Australia's proximity to growing liquefied natural gas (LNG) demand in Asia, its sizable conventional and unconventional gas resources, stable fiscal regime and accessibility to international oil and gas companies, are driving LNG development in the Land Down Under.
UK-based energy research and analysis firm Douglas-Westwood reported that Australia will dominate the floating LNG market between 2010 and 2016 with $5.3 billion in projects. Thirty-six million tones per annum (mtpa) of LNG is under construction in Australia, and more than 120 mtpa is being proposed or in the planning stages, a number that keeps growing as companies discover additional gas reserves, according to the International Gas Union (IGU) World LNG Report 2010.
Australia currently produces 20 mtpa of LNG, but this production level could rise to more than 60 mtpa by 2016 and by 2035, a third of all planned production from proposed and sanctioned LNG projects could come from Australia, said Peter Cleary, VP of Corporate Strategy and Development for Santos Ltd.
LNG development in Australia is being driven partly by development of conventional gas reserves and by coal-bed methane gas to LNG projects, IGU noted. LNG projects under construction include Shell's Prelude floating LNG project, Woodside's Pluto project and Chevron's Gorgon LNG project. These projects represent 25 mtpa.
In Australia, the rapid rise of coal seam gas exploration, development and production has resulted in new additions to its supply. The revolution in coal seam methane has resulted in 16 mtpa of LNG supply from coal seam gas being sanctioned in the past year; another project may be sanctioned later this year, said Cleary.
Shell's recently sanctioned Prelude FLNG project will be one of the biggest game changers the industry will see. FLNG will unlock stranded gas fields, making these reserves commercially viable. "At Santos we are confident our Bonaparte LNG venture with GDF Suez will be another pioneering project in this field," Cleary said.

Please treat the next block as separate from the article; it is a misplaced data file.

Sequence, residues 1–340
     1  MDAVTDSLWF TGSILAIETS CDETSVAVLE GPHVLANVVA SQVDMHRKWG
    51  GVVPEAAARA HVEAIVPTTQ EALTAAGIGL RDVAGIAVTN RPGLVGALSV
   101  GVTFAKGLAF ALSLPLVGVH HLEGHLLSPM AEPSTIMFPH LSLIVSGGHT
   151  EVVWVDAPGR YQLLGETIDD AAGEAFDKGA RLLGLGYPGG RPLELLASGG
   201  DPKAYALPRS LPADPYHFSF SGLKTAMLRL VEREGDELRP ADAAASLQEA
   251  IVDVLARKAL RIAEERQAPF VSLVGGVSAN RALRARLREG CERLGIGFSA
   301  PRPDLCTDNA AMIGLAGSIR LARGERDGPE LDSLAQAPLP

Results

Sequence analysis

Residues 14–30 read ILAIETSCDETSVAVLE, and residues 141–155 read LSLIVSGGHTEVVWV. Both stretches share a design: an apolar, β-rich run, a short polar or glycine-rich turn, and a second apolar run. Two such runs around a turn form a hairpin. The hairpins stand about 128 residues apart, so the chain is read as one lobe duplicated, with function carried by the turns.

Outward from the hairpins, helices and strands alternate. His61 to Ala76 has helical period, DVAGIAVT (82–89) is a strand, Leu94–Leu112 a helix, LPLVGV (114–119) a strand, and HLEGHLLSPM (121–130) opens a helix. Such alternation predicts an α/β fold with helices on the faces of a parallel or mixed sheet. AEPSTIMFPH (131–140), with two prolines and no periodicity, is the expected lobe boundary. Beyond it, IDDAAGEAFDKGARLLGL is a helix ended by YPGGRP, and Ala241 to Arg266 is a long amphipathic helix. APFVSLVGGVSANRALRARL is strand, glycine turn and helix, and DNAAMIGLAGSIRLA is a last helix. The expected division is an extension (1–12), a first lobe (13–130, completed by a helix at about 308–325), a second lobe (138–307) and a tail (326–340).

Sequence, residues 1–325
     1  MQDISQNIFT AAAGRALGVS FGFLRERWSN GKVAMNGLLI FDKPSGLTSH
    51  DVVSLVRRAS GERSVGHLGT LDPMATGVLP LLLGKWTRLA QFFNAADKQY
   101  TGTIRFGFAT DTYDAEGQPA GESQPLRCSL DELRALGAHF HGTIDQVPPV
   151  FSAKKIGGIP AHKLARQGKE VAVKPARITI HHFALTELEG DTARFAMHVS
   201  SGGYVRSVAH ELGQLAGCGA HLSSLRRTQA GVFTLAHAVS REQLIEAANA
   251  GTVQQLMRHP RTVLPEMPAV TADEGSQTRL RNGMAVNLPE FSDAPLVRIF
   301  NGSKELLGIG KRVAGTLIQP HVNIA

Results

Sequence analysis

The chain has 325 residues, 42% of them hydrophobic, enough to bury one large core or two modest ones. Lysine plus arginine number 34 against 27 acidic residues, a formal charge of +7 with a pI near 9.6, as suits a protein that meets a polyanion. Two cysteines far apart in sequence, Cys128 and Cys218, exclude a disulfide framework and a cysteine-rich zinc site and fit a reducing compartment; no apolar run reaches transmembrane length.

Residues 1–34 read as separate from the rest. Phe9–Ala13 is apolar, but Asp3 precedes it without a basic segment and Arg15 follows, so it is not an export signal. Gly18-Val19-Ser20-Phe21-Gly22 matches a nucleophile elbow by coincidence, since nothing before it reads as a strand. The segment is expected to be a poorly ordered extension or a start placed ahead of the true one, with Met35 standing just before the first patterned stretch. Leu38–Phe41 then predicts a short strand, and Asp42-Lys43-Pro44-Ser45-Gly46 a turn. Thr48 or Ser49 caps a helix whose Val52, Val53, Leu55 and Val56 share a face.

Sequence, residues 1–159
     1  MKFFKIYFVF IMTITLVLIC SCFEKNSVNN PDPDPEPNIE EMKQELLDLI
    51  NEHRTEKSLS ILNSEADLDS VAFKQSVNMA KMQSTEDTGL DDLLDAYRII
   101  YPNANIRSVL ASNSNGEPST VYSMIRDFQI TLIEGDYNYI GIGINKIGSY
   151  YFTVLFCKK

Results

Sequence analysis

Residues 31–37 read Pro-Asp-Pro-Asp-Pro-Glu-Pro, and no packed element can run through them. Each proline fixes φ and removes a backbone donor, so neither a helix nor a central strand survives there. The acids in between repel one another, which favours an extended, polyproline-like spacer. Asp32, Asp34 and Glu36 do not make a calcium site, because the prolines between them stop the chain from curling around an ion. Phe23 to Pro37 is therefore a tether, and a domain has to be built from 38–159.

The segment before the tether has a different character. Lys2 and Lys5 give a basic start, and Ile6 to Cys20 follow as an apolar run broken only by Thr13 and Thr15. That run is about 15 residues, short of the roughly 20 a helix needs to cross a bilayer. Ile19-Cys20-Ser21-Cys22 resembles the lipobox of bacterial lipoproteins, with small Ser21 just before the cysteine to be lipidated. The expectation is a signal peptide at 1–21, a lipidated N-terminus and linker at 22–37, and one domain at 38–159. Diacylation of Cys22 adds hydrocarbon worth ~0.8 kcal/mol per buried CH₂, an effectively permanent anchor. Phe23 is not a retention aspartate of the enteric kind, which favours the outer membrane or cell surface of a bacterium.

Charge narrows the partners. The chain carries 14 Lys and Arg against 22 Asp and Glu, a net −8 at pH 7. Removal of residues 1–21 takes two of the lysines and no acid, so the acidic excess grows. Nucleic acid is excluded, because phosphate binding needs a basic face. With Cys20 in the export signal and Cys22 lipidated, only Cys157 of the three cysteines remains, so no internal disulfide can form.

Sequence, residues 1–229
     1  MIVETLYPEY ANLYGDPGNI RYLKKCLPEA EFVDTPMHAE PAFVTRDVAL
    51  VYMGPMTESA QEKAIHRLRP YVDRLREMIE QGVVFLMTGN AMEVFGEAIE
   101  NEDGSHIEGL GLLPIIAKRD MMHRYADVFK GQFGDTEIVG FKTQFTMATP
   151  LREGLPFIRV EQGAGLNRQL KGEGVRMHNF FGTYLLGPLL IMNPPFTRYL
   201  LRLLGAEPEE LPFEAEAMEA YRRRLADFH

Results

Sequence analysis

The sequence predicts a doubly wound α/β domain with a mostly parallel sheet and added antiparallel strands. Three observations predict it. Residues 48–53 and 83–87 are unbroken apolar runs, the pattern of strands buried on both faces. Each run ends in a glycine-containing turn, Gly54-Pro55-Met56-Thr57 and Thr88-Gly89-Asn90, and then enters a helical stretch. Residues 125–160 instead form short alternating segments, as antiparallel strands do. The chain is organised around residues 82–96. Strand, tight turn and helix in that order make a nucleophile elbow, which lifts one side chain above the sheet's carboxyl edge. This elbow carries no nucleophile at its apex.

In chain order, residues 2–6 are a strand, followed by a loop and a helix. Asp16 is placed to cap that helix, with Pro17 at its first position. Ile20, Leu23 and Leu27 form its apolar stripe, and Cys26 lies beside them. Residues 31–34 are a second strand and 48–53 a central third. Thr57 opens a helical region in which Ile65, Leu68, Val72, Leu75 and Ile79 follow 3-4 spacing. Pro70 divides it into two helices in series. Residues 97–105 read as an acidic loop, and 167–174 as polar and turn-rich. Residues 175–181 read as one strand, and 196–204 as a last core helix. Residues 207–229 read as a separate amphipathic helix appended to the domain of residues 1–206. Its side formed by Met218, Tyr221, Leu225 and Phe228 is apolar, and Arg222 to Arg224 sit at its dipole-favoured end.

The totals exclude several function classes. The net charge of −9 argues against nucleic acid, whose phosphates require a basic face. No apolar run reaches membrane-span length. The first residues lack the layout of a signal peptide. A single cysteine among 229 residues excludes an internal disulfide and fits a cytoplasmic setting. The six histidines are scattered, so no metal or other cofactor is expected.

Santos, Australia's largest domestic gas producer, has a unique LNG portfolio consisting of its Darwin conventional gas supply project, a stake in the ExxonMobil-operated LNG project in Papua New Guinea focused on the Hides gas/condensate field, the coal seam gas to LNG project at Gladstone, and the Bonaparte floating LNG project.
Looking forward to the future LNG market, Cleary sees LNG exporters becoming importers, the increasing importance of partnership with national oil companies, increased market liquidity and trade flow complexities, and new technologies enabling the development of coal seam gas, shale gas, floating LNG and regasification and storage.
Historically, Australian coal bed methane, or coal seam gas development, has typically been part of an integrated power generation effort and/or focused on local retail gas distribution. But more recently, the engine of growth for coal seam gas has shifted to Australia, where there are hopes and plans to link the country's well known and readily accessible reserves and resources to the expected strong demand growth for gas in Asian markets, according to a Ernst & Young report, Coal seam gas: broadening the energy mix.